And the winner is...
Gilead Sciences followed by Genentech and Biogen-Idec.
Stripped of weights and looking at things from a more intuitive perspective—who came in first, second, third, etc., and who
came in last, 26th and 25th from top to bottom—consider the strength of Gilead's performance: it scored in single digits on
7 of the 8 metrics, by definition in the top third of performance. The only metric Gilead comes up short on is its asset management.
On the other hand, note how consistent some firms are at displaying mediocre performance, by being disproportionately ranked
in the bottom third placements, from 20 to 27.
DR. BILL HALL OF FAME
Strategy: The Forgotten Buzzword
Besides its strong management metrics, Gilead Sciences earns the top nod with a novel strategic focus on what is arguably
today's most challenging therapeutic category: HIV/AIDS. In a short two decades as a publicly traded company, Gilead has
prevailed over the competition by anticipating changes in the profile of HIV/AIDS, as a priority disease and as a driver of
social policy—both of which affect the climate for reimbursement. Where others have encountered only reputational risks, Gilead
has earned the confidence of the specialist clinicians that determine success in the HIV space.
In turn, management has leveraged its weight in HIV to branch out in other therapeutic areas, including hepatitis B, and cardiovascular
and respiratory conditions. The strategy is not without costs, as building global market share is a challenge for all the
smaller "stealth pharma" companies and Gilead is no exception, as evidenced by recent pressure on the share price.
WHAT'S THE STORY ON BIOGEN-IDEC? Our number one performer for 2007 dropped to third in 2008. The company's key strength has been the ability to raise prices,
with its benchmark Avonex therapy for MS rising 22 percent, according to The Wall Street Journal. Its dominant position in
a few key therapeutic areas accounts for its 90 percent margins, the only company in this year's Audit to occupy that rarified
space. But despite its pricing prowess, shareholder value at Biogen-Idec still slumped more than 20 percent, as did Enterprise
Value to Sales, to a modest 3.47, knocking the company out of contention for a second run at the top slot. The reversal in
these key metrics are reflective of the upfront costs, risks, and management challenges in diversifying the portfolio for
long term success.
THE URGE TO GET SMALL The audit results suggest that BMS and Lilly are aiming to become pure biotechs, with an emphasis on oncology. Yet their size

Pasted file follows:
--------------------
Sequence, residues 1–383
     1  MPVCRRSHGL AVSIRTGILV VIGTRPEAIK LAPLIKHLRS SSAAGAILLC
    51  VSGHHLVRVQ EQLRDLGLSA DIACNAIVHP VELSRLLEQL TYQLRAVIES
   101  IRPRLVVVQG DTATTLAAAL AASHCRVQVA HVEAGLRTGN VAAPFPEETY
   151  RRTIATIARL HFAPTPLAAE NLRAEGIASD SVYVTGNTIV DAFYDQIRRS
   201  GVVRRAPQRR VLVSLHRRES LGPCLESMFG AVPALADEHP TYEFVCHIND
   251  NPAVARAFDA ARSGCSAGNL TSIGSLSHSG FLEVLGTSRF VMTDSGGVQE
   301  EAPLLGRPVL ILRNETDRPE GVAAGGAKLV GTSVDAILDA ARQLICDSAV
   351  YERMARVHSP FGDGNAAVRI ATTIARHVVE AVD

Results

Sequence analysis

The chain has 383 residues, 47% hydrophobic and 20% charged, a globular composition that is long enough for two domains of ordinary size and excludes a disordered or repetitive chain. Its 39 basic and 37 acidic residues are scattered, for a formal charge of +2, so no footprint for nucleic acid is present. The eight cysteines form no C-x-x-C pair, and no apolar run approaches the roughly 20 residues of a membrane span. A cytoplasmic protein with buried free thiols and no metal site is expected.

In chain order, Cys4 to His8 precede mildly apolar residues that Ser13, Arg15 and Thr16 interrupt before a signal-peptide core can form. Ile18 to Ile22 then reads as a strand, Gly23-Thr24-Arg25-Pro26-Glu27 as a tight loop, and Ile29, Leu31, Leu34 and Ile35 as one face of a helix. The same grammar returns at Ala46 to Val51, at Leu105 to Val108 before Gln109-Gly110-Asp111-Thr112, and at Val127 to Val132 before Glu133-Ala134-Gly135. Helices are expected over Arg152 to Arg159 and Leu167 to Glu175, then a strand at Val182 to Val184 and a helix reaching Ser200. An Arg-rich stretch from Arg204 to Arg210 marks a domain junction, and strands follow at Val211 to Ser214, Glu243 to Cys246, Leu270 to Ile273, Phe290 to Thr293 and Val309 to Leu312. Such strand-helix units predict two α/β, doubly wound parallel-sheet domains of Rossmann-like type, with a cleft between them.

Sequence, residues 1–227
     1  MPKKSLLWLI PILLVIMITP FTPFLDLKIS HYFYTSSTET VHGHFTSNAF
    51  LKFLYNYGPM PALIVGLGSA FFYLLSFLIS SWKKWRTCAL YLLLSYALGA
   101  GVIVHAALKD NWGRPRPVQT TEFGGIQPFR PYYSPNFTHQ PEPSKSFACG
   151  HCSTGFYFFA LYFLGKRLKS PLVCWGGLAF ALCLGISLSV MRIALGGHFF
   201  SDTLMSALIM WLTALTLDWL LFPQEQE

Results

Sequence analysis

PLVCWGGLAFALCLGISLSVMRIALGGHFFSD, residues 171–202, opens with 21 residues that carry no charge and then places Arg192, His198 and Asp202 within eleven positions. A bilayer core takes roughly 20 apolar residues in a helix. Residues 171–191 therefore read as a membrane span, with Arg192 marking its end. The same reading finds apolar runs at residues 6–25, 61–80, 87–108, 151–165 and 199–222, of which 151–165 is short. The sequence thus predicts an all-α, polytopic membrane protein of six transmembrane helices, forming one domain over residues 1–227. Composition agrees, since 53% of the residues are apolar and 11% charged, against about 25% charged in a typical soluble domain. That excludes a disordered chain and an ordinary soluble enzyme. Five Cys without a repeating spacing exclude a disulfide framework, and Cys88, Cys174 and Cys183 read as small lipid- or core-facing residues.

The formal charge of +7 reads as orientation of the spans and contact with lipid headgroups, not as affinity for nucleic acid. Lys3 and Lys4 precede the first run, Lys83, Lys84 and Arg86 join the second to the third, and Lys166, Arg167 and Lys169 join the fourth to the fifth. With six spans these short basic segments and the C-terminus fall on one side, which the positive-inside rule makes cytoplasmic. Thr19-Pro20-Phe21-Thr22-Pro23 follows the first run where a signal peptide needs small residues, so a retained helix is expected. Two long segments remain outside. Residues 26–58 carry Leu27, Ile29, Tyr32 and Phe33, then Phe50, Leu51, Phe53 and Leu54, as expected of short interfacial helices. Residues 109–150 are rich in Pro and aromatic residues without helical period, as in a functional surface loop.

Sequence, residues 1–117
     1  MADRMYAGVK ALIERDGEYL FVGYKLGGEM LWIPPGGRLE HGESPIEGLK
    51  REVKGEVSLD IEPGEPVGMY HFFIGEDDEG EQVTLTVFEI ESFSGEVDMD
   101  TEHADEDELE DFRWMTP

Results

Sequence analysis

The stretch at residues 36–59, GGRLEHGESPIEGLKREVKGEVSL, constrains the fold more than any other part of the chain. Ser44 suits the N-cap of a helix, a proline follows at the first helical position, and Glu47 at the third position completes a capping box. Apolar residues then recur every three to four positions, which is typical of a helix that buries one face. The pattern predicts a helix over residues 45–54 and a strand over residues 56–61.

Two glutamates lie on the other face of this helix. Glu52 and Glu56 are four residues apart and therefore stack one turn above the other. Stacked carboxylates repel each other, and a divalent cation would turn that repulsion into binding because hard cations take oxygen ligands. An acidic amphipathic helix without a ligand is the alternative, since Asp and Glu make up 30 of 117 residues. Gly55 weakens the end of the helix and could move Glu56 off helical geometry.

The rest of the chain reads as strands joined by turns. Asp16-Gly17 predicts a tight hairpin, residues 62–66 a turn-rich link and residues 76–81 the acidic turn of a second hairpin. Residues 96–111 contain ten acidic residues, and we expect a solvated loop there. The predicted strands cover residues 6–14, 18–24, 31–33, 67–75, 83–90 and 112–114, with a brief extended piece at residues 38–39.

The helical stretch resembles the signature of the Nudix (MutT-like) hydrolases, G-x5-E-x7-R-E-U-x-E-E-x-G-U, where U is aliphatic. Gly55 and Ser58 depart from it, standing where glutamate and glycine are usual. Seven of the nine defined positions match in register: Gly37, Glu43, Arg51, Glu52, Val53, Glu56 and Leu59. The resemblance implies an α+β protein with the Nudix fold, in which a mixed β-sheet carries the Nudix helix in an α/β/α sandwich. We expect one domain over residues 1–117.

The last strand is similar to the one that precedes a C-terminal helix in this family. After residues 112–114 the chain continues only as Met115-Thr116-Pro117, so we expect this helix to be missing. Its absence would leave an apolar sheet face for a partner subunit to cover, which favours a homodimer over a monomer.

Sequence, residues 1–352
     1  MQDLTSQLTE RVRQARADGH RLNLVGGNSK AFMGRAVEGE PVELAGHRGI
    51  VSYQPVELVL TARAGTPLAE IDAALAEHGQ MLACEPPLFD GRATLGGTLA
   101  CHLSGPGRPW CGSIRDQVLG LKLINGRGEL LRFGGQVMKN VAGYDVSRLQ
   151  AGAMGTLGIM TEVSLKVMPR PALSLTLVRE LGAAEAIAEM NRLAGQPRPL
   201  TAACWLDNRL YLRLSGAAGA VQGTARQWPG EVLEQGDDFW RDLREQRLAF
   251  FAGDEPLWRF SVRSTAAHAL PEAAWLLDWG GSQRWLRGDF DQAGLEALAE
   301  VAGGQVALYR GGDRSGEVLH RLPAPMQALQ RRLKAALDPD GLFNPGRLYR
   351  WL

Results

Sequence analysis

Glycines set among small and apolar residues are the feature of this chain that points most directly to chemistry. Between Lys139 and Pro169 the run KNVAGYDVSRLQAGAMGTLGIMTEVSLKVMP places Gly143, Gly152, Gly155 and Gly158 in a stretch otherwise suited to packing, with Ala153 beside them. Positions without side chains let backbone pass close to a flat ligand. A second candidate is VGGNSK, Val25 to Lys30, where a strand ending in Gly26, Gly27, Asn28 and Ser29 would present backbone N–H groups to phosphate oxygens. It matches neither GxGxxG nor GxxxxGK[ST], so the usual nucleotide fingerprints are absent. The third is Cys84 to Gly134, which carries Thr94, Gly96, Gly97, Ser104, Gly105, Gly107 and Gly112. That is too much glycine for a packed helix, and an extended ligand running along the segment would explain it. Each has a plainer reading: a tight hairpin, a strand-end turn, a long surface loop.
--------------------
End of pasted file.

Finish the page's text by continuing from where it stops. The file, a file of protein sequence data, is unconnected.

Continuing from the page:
and the complexity of administering a diverse portfolio of medicines could hamper their efforts to match the nimble, entrepreneurial
footing and focused orientation of a biotech. Enterprise Value to Sales decreased for both companies in 2008, to levels that
don't reflect any future prospects as hosts for a range of fledgling biotechs, and at less than 70 percent, BMS' gross margin
falls short of the margins posted by the best biotechs. While both Lilly and BMS saw improvement in Sales per Employee productivity,
their respective levels do not approach biotech levels. The rankings indicate that significant operational and philosophical
changes are needed if either company is to achieve the transformation from a small-molecule major to long term success as
a biotech powerhouse.
PFIZER'S UNTAPPED MEDICINE CABINET The world's top-selling pharmaceutical company has had a rough decade, especially in terms of shareholder value. But Pfizer
is taking steps to reposition, including a pending merger to consolidate its hold on the top sales rank and a plan to offset
the 2011 patent expiration of flagship drug Lipitor with a new focus on emerging markets. But the company's most intriguing
move is its move toward generics. Wendy Diller, in a March 2009 In Vivo article, lays out a smorgasbord of older patent-expired
drugs Pfizer owns that together make up as much in sales as Lipitor, including one drug, Medrol, which has been on the market
for 50 years, with peak sales of $400 million in 2008.
BRIDGING THE "SUPERMARKET SPREAD" Reinforcing Big Pharma's interest in generics and fast-growing emerging markets is the message behind Procter & Gamble's pullout
from the drugs sector. In a blog in
http://FinancialTimes.com/ posted in February, then-CEO A.G. Lafley remarked: "Today, shares in pharma companies trade at multiples at or below most
of our consumer staple products." Put another way, shareholder value is likely to be enhanced more by investing in Tide, Swiffer,
Crest, and Pampers, than in prescription pharmaceuticals.
Bill Trombetta is professor of pharmaceutical marketing and strategy at the Erivan K. Haub School of Business at St. Joseph's University
in Philadelphia. He can be reached at firstname.lastname@example.org